Monday 9 March 2009

Can Wikipedia make us think for ourselves?

I read an interesting news item regarding the updating of Wikipedia with false, incriminating or amusing information last week. Which opened a debate on whether we need to edit and approve the data held on Wikipedia.

So here’s my thoughts on the subject.

I find Wikipedia a tremendously useful research tool. I also think that we are all well aware that it is open source and we are therefore alert to the fact it can easily be updated with misinformation and cyber graffiti.

I don’t see this as a major problem as long as we are aware of these pitfalls and compensate with suitable critical thinking and further research where necessary. In fact in many ways I think the fact that Wikipedia is open to user editing can help us by forcing us to learn some critical thinking skills. This could help us evaluate the validity of the vast amounts of information we seem to process everyday from a variety of sources.

The fact that we know that anyone and everyone can contribute and amend this large body of data is in the back of our mind. So when we read something like:

“Jim Morrison was born in a van, whilst curiously enough Van Morrison was actually born in Gym”

We may be highly amused but deeply suspicious of the validity of the information, and most of us would not be prepared to accept it as the truth without a great deal more evidence to support this bizarre claim.

Prior to Wikipedia we have been used to reading facts from books, magazines and newspapers, or hearing things on Film, TV, Radio, or the pulpit and taking them as gospel when reported in a straight faced manner, because they have been written, preached or performed by an authoritative figure with enough importance to warrant their communications platform. But these people are as susceptible to bias, prejudice, ignorance, ulterior motives, delusions and general tomfoolery as the rest of us.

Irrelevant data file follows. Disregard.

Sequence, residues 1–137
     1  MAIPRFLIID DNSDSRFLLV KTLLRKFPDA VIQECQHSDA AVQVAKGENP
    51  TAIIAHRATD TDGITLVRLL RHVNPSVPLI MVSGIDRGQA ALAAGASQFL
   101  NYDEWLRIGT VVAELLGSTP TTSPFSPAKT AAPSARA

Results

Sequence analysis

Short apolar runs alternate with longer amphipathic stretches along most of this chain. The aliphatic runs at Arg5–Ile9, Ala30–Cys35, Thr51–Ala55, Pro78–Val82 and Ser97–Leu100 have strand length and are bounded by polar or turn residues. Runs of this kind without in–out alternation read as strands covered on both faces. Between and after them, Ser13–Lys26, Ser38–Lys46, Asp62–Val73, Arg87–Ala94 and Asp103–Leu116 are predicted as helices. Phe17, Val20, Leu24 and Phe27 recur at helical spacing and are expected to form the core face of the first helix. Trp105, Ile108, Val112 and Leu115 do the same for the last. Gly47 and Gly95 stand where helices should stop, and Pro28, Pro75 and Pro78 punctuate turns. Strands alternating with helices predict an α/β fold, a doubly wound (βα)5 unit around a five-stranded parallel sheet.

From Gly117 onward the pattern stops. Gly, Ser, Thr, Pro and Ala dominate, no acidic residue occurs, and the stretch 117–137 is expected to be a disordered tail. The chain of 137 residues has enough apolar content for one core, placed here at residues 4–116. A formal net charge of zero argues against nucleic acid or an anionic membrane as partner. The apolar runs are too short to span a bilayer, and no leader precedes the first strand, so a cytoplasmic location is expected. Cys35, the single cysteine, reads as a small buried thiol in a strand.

Much of our culture of superstitions, religions, urban myths and misconceptions must be as a result of taking incorrect authoritative information at face value. Once some individuals have taken the bait the memes can multiple and mutate, and over time become ingrained in our culture.

Wikipedia has supplied us with a mountain of mostly accurate knowledge and hopefully taught us to critically evaluate that data. Let’s embrace Wikipedia and learn to apply the methods of evaluating the accuracy of the data. Then let’s apply these principles to ALL sources of information.

BTW If anyone has some good examples of amusing misinformation posted on Wikipedia, I always find them highly entertaining so please post them in the comments field.

Wikipedia has empowered all of us all to be Ford Prefect, if we want to be.

1 comment:

Craig A. Mullenbach said...

Well done, Crispian. I use wikipedia often. It really is only as reliable as any other source of information. The best critical thinkers won't fall for the argument of authority fallacy.

I often run into people who ask me what news I read. They will say: "I don't read Foxnews because they are biased conservatives." or "I don't read (that local newspaper) because they are a bunch of liberals." I tell them I read everything I can from every side, if possible. Then I evaluate the claim and do further research if necessary. Generally, I won't exclude a certain source based on a past mistake or perceived bias.